CASE 15455 Published on 25.02.2018

Mediastinal haematoma dissecting the sheath of the pulmonary arteries: A rare manifestation of acute aortic syndrome



Case Type

Clinical Cases


González Moreno IM, Plasencia Martínez JM, Blanco Barrio A, Moreno Pastor A.

Radiology Department,
Hospital General Universitario José Mª Morales Meseguer,
Murcia, Spain

85 years, female

Area of Interest Cardiovascular system, Arteries / Aorta ; Imaging Technique CT-Angiography, CT
Clinical History
An 85-year-old female patient was admitted to the emergency room with severe respiratory insufficiency. A transthoracic echocardiogram showed a dilated right ventricle and ventricular asynchrony as signs of right heart overload. The D-dimer test was markedly increased (63, 000 ng/mL).
Imaging Findings
Suspecting acute pulmonary thromboembolism, a computed tomography pulmonary angiography (CTPA) was performed, and based on the initial findings, a delayed phase was acquired.
The CTPA revealed a soft tissue thickening along the posterior wall of the right pulmonary artery, consistent with blood, which reduced the artery lumen to a filiform strand of contrast. Dilated right heart chambers and contrast reflux to suprahepatic veins were also seen.
The dilated ascending aorta (4.7 cm) had a subtle irregular contour in the posterior wall in close contact with the haematoma. On axial and sagittal CT reconstructions, an intimal flap was visible in the posterior wall of the ascending aorta adjacent to the right pulmonary artery. Extravasated blood reached the lungs by dissecting the walls of the pulmonary arterial branches, causing bilateral thickening of the peribronchovascular interstitium. Moreover, the presence of haemopericardium strengthened the diagnosis of aortic dissection involving the ascending aorta.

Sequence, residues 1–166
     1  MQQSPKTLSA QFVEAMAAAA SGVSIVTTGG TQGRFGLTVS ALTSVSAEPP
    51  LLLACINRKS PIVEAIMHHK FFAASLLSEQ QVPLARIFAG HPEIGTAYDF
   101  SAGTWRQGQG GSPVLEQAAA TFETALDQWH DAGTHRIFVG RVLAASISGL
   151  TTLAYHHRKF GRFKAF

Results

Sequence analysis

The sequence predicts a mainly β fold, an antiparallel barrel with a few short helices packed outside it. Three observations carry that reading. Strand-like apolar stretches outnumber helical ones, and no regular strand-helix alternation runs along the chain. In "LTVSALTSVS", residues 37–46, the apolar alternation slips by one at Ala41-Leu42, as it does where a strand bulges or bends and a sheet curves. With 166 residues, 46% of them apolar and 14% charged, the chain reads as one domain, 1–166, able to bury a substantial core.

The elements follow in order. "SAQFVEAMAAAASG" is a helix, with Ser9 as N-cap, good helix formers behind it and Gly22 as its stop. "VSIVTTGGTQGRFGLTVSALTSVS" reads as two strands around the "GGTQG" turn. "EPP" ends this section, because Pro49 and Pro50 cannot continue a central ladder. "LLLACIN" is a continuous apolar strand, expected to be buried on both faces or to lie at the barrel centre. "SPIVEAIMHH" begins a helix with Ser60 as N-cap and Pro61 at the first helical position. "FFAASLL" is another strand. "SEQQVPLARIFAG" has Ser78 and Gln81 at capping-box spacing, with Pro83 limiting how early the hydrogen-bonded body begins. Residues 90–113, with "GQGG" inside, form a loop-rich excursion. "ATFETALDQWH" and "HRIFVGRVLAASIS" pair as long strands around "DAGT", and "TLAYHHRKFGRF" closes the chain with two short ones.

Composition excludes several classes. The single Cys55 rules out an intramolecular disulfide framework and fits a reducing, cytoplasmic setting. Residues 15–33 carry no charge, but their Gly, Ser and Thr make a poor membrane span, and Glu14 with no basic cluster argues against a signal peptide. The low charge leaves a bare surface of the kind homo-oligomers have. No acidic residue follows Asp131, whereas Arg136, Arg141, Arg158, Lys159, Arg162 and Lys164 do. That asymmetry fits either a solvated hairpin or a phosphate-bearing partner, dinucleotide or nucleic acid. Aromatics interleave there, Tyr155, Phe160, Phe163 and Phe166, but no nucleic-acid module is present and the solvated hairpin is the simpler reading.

This case illustrates a very uncommon but distinctive manifestation of acute aortic syndrome.
Acute dissection of the proximal aorta is a life-threatening condition in which a prompt diagnosis and surgical repair is crucial [5]. A pulmonary arterial disease can be initially suspected at presentation. This is rare and challenging but has been previously described in medical literature [1, 4]. The radiological findings, although subtle, are quite specific, so that an aortic origin can be suggested based on the CT angiography findings, as our case illustrates.

Rapid recognition of this unusual complication on CTPA also requires an understanding of the basic anatomical pathways and pathophysiological mechanisms that lead to this phenomenon [2]. During early embryogenesis, fusion of the two endocardial tubes generally results in the primitive cardiac tube, composed of five regions: truncus arteriosus, bulbus cordis, primitive ventricle, primitive atrium, and sinus venosus [2]. The truncus arteriosus and the cranial end of the bulbus cordis are gradually separated by the aorticopulmonary septum. This septum will create a continuous bridge to form separate lumens of the aorta and pulmonary artery [2]. Thus the aorta and central pulmonary arteries share a common sheath of connective or adventitial tissue [1–4] which extends distally to the mediastinal portions of the right and left pulmonary arteries. This is why, in cases of rupture of the posterior wall of the ascending aorta, the extravasation of blood may remain confined to the wall of the pulmonary arteries [1, 2]. The higher pressure in the aorta causes extravasated blood to compress the lumen of the main pulmonary arteries. In our case this compression triggered an acute right heart failure, which mimicked an acute pulmonary thromboembolism.

Additionally, our case highlights how unexpected findings in a CT vascular study may require additional phases that should be performed immediately after the first scan in order to avoid further doses of intravenous contrast media.

To conclude, this case illustrates a very uncommon manifestation of an acute aortic syndrome. However, the radiological findings are quite characteristic. Once an intramural haematoma is identified in the right pulmonary artery, an acute aortic syndrome must be considered and signs of dissection in the adjacent aortic posterior wall must be carefully scrutinised.
Differential Diagnosis List
Acute dissection of the proximal aorta
Pulmonary thromboembolism
Acute cardiac insufficiency
Final Diagnosis
Acute dissection of the proximal aorta
Case information
DOI: 10.1594/EURORAD/CASE.15455
ISSN: 1563-4086